A new report from Central 1 Credit Union suggests Metro Vancouver’s housing market could be bouncing back faster than anticipated.
The institution’s 2019-2021 B.C. Resale Market Housing Outlook said demand is picking up once again after the 2018 real estate slowdown, amid lower mortgage rates and continued population growth.
“Home sales have returned to more normal levels following over a year of policy-induced declines but B.C.’s sales recovery has lagged the rest of Canada,” according to Central 1 deputy chief economist Bryan Yu.
Yu said a decline in prices, particularly in the Lower Mainland, has also helped attract buyers back to the market.
“A growing number of buyers in the region have idled on the sidelines waiting for improvements in affordability following mortgage stress tests,” according to the report.
“Significant price declines over the past year and lower borrowing costs have buyers returning to the market among all housing types, particularly in the lower priced condominium sector.”
Province-wide, Yu said he anticipates 2019 to finish with a seven per cent drop in residential resale transactions, but forecasts a 13 per cent increase in 2020, followed by another four per cent hike in 2021.
Along with an increase in sales activity, Central 1 is forecasting a return to climbing prices.
The institution said prices could increase by 3.8 per cent next year and a further four per cent in 2021.
“Metro Vancouver will lead this increase which will undoubtedly bring affordability challenges back into the spotlight,” said Yu.
Yu said despite the slowdown, housing starts in B.C. were not seriously affected by the real estate downturn, with about 44,000 anticipated by year’s end.
However, it said many of the projects were pre-sold during the stronger market, and that new starts were expected to trend downward in 2020 amid slower pre-sale activity.
The report also predicted ongoing tightness in the rental market.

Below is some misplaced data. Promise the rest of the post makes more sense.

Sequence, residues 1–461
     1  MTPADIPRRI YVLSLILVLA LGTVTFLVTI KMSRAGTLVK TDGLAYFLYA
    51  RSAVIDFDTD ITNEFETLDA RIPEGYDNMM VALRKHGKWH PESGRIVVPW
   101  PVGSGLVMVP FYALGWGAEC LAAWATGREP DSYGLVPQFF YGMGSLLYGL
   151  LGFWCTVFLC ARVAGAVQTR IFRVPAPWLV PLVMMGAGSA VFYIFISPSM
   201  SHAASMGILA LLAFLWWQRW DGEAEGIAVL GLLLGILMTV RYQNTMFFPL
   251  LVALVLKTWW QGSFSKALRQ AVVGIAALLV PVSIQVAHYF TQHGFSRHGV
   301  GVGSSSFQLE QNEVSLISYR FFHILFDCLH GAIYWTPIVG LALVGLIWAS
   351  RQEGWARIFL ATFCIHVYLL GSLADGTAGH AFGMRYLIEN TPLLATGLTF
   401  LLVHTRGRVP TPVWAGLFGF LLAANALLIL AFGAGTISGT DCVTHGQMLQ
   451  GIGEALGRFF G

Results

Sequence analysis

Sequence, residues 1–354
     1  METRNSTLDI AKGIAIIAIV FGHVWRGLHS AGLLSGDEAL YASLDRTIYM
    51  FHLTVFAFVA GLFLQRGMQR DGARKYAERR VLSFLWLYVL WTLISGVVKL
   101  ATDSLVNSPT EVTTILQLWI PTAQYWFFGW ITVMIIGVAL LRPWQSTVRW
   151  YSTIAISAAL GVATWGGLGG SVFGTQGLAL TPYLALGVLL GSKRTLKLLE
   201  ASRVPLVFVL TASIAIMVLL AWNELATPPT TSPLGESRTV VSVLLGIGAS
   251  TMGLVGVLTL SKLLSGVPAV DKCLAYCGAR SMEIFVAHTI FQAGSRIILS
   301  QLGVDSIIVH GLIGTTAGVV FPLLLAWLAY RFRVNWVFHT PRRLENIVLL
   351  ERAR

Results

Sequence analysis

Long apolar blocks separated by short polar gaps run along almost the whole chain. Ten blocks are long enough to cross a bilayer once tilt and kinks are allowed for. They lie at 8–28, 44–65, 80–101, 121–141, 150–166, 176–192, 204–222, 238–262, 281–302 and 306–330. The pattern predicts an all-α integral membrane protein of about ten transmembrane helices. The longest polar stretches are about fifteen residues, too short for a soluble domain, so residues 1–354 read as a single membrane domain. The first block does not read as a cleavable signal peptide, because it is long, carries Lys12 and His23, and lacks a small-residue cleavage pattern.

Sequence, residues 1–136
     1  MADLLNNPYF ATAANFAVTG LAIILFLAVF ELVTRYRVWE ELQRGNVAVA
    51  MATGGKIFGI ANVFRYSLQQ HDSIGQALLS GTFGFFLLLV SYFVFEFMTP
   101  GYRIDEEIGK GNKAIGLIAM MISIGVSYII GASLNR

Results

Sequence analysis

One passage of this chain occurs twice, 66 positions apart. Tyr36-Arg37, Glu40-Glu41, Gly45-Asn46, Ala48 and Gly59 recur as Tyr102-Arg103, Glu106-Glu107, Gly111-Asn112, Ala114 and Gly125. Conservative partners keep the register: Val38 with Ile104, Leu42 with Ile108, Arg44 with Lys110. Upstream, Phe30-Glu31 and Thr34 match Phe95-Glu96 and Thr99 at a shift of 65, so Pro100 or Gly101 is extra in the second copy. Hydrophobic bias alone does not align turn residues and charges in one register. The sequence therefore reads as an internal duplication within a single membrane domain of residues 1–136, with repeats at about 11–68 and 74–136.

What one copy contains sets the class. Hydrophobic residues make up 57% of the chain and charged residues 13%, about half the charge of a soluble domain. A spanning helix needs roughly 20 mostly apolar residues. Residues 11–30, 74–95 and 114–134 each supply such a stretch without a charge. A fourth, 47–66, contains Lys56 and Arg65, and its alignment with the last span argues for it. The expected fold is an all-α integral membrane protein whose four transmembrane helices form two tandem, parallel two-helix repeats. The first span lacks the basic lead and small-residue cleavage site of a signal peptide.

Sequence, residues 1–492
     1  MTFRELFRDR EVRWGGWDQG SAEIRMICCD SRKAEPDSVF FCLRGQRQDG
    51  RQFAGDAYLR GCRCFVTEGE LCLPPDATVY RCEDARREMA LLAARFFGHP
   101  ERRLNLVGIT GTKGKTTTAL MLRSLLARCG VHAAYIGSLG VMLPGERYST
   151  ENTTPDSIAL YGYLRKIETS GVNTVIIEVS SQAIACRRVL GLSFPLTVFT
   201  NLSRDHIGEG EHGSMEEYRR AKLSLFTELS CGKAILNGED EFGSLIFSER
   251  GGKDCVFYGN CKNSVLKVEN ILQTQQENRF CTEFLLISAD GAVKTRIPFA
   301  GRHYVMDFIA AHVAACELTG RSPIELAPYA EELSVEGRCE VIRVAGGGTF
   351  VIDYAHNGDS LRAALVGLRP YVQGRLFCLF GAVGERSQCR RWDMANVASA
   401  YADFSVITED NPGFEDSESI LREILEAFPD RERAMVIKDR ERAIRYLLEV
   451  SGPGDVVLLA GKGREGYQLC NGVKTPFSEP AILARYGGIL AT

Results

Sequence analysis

The Central 1 report reflects a growing consensus that the province’s housing market is rebounding after a slump that hit the Lower Mainland particularly hard.
Last month, the Canada Mortgage and Housing Corporation (CMHC) released a report predicting sales and prices in B.C. would begin to stabilize in 2020 and accelerate in 2021.
The CMHC forecast suggested B.C.’s real estate market would out-perform the rest of Canada.
“British Columbia will see modest recovery in price growth in 2020 from a decline in 2019, but rise to the second-highest rate of price growth after Ontario in 2021,” stated the report.
Earlier in November, the Real Estate Board of Greater Vancouver reported an uptick in regional sales for the fourth consecutive month.
The organization said October sales activity had climbed to nearly 10 per cent above the 10-year sales average for the month.
It also found that while prices in the region were still down year-over-year, they had held steady month-to-month after more than a year of regular monthly declines.
The benchmark price for a detached home across the Lower Mainland was $1,410,500, down 7.5 per cent from October 2018, but up 0.3 per cent from September, according the board.
The benchmark price of an apartment across the region was $652,500, down 5.9 per cent from October 2018, but up 0.2 per cent from September.